The IPC Academy, the IPC’s education division, will also take over operation of Paralympic Games Knowledge Management
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The International Paralympic Committee (IPC) launched the IPC Academy Campus 2016 on Wednesday (22 April) with the aim of transferring knowledge, expertise and know-how to around 1,200 key stakeholders during the Rio 2016 Paralympic Games.
At the same time the IPC also announced that its Paralympic Games Knowledge Management function will now fall within the operation of the IPC Academy, the IPC’s education division which is run in conjunction with the World Academy of Sport.
Headed by Apostolos Rigas, the Knowledge Management division of the IPC began in 2005 and has developed from drafting Paralympic specific requirements within Games manuals to establishing the IPC Observer Programme, through to learning programmes in partnership with the IPC Academy.
The consolidation of these activities will see Rigas move to the role of IPC Academy Deputy Director.
One of Rigas’ first projects will be the delivery of the IPC Academy Campus 2016, a unique set of education programmes delivered during Rio 2016 which aim to enhance and improve the capability and capacity of those involved in organising major sporting events.
The Campus is tailored to the specific requirements of future event organisers, governments, providers to the industry and others both throughout the Paralympic Movement and more widely the events industry.
First run during the Beijing 2008 Paralympic Games as an Observer Programme for 300 people, the IPC Academy Campus morphed into a comprehensive industry focused learning environment with over 600 delegates during the London 2012 Paralympic Games.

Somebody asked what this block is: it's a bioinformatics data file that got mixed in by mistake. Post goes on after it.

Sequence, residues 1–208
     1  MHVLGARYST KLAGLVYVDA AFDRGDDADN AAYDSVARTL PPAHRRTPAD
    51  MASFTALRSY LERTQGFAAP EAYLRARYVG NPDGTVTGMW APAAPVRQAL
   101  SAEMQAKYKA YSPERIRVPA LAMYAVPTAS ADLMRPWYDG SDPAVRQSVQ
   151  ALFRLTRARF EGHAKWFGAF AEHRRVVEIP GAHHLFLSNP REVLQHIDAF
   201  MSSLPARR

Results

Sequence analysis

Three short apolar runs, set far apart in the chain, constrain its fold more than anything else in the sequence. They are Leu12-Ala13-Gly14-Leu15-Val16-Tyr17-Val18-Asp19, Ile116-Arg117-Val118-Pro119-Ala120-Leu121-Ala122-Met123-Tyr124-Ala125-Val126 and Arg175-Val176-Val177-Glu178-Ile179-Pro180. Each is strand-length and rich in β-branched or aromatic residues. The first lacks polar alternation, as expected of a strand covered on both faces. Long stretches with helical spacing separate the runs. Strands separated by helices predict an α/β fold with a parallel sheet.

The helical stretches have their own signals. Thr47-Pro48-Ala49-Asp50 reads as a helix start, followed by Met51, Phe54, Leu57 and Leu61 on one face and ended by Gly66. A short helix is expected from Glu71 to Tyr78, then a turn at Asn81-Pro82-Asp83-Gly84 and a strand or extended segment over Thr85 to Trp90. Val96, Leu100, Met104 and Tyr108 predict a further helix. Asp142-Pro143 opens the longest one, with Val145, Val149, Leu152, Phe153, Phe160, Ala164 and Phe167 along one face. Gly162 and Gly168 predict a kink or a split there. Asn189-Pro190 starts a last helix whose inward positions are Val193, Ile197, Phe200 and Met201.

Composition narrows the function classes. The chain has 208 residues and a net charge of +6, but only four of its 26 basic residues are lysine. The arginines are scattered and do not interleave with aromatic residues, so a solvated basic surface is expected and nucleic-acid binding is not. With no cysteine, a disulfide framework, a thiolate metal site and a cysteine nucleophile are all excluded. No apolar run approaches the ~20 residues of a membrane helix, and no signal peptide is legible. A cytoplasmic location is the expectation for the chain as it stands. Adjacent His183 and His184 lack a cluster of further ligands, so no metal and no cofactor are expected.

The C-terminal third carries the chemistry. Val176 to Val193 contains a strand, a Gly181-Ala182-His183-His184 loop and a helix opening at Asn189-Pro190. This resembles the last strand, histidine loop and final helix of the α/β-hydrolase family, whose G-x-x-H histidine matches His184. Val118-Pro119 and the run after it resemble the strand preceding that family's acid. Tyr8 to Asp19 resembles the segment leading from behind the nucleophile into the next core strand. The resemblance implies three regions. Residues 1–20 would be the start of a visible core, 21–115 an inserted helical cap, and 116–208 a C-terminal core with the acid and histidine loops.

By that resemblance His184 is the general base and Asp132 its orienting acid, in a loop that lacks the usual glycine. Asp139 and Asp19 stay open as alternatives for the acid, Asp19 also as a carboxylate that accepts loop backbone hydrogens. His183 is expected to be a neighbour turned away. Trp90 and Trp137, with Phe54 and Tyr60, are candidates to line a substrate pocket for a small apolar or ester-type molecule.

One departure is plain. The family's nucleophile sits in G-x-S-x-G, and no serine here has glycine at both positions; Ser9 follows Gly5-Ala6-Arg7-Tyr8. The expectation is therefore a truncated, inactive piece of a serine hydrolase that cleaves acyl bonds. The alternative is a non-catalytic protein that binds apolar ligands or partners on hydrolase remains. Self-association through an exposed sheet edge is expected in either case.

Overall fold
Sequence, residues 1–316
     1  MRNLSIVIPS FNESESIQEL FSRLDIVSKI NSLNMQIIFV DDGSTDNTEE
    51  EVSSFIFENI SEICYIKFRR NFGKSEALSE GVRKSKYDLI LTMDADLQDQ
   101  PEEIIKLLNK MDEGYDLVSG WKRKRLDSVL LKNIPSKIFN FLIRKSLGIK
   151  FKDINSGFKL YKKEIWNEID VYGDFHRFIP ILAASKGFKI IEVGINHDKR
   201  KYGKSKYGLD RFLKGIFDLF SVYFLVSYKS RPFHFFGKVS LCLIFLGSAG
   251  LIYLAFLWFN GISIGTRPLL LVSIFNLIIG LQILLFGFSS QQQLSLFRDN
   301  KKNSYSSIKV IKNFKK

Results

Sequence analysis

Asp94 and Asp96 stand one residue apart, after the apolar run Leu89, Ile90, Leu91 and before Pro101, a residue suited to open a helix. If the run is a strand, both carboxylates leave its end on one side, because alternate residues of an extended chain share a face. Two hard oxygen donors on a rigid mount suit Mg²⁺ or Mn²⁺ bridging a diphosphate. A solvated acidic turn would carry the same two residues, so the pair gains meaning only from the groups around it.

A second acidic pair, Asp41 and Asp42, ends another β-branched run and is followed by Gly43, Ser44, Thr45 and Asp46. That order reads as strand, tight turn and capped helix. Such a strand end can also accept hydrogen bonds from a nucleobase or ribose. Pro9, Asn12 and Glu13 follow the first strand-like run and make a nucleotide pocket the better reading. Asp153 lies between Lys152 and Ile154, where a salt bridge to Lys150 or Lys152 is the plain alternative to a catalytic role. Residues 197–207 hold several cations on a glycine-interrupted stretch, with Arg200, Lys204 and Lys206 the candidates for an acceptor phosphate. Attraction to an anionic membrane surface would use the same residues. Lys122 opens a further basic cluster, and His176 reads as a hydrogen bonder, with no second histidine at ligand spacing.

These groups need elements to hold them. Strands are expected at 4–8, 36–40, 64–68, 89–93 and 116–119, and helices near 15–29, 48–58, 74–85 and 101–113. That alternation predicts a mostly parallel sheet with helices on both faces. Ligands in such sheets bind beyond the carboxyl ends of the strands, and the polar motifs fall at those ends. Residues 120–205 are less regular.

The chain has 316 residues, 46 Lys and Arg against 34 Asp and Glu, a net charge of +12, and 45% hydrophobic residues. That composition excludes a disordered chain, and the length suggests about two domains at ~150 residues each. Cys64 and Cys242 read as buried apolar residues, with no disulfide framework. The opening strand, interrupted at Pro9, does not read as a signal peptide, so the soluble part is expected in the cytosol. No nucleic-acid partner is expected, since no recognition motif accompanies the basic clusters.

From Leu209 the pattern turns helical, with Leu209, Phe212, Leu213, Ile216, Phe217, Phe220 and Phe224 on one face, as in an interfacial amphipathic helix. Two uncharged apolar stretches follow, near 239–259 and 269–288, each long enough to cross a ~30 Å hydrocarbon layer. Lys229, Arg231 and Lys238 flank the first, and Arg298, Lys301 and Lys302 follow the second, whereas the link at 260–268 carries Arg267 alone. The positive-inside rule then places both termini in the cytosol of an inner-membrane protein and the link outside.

In the British capital the Campus incorporated the Observer Programme, Games Experience Programme and Inclusion Summit.
In 2016 around 1,200 delegates are expected to attend the IPC Academy Campus which will coincide with the Rio 2016 Paralympic Games.
Xavier Gonzalez, the IPC’s Chief Executive Officer said: “This consolidation is a natural progression in order for IPC Knowledge Management to remain at the forefront of the industry and create skilful, empowered staff within each of our OCOGs.
“In the first few years of Knowledge Management there was a strong focus on capturing information and ensuring that Games manuals incorporated the unique needs of the Paralympic Games which is an activity that is maintained to this day.
“However, having partnered with the World Academy of Sport in 2008, Knowledge Management now provides a strong focus on creating learning environments through the IPC Academy.”
Chris Solly, Director IPC Academy added: “Having been at the forefront of establishing knowledge management in the mega event sector back in 1999, it has been invigorating to be able to work with the IPC and create learning pathways for their organisers.
“This consolidation of Knowledge Management with education through the Academy is a logical progression as we combine the important areas of information and learning in order to develop skills in the local organising committees and stakeholders we work with. This is a real measurable human legacy of the Paralympic Games.”
Another key initiative the IPC Academy’s Knowledge Management division will be the implementation of the IPC Excellence Programme. Launched in 2010 with the Sochi 2014 Organising Committee, the programme is currently ongoing with both the Rio 2016 and PyeongChang 2018 Organising Committees (OCOGs) and aims to transfer strategy, knowledge and learning from previous Paralympic Games into an integrated learning journey for OCOGs.
This includes thematic workshops, the Games-time Campus Programmes, readiness and simulation training, volunteer training and the official Games Debrief.